My grandmother reported that when each of his children married, B.F. Dutton offered to build them a house at Glen Rock. Of those who accepted, Ellen married Joseph Claus in 1883, Cora married John W. Little in 1886, Claire married Alexander McGregor in 1895, and George married Gertrude Stevens in 1897. While this would suggest approximate construction dates for their houses, confirmation of the dates would require additional records. We know from the census that George and Gertrude were still living with B.F. Dutton in 1900, three years after their marriage, so the marriage dates are not necessarily good guideposts as to when the houses were built.
Although we do not have additional census records to illuminate the twenty years between the 1880 and 1900 enumerations shown above, we do have a very valuable census substitute—Malden city directories—that we can use to try to zero in on exactly when each of the houses was built. Most Massachusetts towns in the latter part of the nineteenth century regularly produced city directories, naming all of the heads of household and businesses in town and often providing other valuable information. For Malden there is good run of directories available online, starting in 1868, published approximately every two years through the 1960s.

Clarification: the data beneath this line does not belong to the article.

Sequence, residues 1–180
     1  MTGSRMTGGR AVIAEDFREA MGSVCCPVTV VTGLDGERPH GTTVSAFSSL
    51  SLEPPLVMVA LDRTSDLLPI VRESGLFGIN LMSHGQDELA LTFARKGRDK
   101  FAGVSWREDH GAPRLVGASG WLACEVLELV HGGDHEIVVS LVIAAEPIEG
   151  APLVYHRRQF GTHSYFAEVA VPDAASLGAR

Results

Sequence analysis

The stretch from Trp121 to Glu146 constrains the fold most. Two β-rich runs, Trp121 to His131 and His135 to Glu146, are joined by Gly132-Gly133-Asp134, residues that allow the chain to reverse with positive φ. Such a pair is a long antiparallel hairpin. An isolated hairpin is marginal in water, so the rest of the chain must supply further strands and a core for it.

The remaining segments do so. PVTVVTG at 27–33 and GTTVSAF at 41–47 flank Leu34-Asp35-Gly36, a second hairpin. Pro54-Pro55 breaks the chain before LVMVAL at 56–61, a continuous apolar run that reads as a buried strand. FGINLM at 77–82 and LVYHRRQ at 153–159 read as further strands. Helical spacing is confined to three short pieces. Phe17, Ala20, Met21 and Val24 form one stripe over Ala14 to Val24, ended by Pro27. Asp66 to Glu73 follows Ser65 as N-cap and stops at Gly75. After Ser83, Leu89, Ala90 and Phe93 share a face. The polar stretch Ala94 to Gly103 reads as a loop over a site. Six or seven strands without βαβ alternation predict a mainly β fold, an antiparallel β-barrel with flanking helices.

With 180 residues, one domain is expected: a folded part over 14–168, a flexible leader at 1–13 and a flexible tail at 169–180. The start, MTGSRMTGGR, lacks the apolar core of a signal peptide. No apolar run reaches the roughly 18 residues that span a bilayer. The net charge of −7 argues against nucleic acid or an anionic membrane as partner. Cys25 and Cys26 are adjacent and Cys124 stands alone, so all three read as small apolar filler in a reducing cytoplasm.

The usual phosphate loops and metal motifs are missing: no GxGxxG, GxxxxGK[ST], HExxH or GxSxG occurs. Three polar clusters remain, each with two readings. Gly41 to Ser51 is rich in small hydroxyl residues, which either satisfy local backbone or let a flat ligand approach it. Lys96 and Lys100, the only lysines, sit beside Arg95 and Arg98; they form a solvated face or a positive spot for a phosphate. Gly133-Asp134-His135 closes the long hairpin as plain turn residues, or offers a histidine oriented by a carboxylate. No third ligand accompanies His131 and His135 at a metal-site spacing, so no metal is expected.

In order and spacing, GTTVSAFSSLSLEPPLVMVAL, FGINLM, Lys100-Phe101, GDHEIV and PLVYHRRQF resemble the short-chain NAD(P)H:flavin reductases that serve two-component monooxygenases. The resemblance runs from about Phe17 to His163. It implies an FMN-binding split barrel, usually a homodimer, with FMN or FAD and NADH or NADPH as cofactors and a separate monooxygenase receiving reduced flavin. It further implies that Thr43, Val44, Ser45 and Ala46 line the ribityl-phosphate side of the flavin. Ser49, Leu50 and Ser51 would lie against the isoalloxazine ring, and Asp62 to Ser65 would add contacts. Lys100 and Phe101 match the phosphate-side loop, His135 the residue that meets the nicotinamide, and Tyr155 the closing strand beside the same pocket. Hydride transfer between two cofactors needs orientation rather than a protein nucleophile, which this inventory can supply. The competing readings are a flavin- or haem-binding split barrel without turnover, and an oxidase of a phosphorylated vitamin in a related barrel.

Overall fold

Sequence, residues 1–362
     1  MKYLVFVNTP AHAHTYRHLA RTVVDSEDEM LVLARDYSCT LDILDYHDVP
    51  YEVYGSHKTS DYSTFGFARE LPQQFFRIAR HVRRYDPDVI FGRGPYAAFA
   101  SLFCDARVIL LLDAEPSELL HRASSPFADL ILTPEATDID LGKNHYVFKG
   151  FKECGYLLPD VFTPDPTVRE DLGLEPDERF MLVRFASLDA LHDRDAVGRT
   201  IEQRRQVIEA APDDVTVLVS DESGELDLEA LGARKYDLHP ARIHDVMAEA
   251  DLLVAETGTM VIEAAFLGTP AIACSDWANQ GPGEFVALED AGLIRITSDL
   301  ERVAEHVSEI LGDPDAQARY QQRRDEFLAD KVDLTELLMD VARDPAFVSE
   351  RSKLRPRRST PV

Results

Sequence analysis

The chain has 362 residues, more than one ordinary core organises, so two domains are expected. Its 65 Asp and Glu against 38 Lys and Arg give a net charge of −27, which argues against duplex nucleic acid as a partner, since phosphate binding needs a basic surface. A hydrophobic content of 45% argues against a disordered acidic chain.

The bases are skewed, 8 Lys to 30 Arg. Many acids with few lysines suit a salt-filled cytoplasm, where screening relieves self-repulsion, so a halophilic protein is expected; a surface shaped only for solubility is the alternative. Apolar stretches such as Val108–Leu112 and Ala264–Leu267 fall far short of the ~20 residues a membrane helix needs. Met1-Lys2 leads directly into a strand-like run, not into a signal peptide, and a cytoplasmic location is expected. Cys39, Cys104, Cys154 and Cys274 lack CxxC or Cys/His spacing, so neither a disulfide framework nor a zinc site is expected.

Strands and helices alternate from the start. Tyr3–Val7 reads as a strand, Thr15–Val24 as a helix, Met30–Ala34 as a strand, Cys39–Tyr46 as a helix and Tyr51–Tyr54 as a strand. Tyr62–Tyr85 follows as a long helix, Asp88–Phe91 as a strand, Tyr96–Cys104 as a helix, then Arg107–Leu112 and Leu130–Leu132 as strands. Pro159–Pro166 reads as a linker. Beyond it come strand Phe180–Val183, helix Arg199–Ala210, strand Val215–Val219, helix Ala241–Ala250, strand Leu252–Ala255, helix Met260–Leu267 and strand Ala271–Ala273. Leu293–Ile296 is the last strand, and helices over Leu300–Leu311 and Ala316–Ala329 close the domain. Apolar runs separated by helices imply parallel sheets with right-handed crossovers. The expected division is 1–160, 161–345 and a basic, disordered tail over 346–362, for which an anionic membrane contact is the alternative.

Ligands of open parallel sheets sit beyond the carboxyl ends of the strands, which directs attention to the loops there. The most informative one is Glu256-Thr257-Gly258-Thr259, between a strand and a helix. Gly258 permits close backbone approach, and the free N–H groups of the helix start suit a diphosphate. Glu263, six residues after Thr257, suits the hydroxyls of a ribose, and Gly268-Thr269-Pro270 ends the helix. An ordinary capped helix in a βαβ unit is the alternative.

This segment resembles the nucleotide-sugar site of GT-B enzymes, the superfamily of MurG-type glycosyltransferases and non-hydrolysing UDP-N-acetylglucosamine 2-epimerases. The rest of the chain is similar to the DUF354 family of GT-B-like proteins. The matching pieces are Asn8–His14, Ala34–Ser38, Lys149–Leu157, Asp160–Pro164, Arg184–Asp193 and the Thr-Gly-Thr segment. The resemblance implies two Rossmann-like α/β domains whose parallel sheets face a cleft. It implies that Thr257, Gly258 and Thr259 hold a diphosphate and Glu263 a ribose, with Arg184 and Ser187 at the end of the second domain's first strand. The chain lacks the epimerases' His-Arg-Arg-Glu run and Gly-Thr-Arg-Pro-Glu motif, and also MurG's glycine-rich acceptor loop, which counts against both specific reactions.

B.F. Dutton first appears in the Malden city directories in 1880, his entry indicating he was in the “dry and fancy goods” business located at 55 Tremont Street in Boston. His house at Glen Rock was described as being located at the “head of Summer” Street in Malden:
Dutton Benj. F., dry and fancy goods (55 Tremont, B[oston]), house head of Summer [St.]
Four years later, in the 1884 directory, we find two entries of interest:
Dutton Benjamin F., dry and fancy goods (55 Tremont, B[oston]), house head of Summer [St.]
Claus Joseph B., prof. of music (N.E. Conservatory, B[oston]), h[ouse] Glen Rock cottage
Ellen Dutton, who had married Prof. Claus in 1883, was therefore already living by 1884 in the small house that her father built for her on the property. In directory entries in later years, the Clauses’ residence was consistently called “Glen Rock cottage.” So their house was the first to be built on the property for the children, undoubtedly in the period 1883–84. [Note that this contradicts my grandmother’s account in the book that Cora’s house was the first built.] In their 1891 directory entry, Prof. Claus’s two sons from his first marriage were shown as living with them. The younger son, Henry E. Claus, was described as a “teamster” [a person who drives a team or a truck for hauling] and working at 55 Tremont Street in Boston, which was the address of the Houghton & Dutton store. B.F. Dutton was always willing to employ any member of his extended family who wanted to work in the store, and this is another example of that.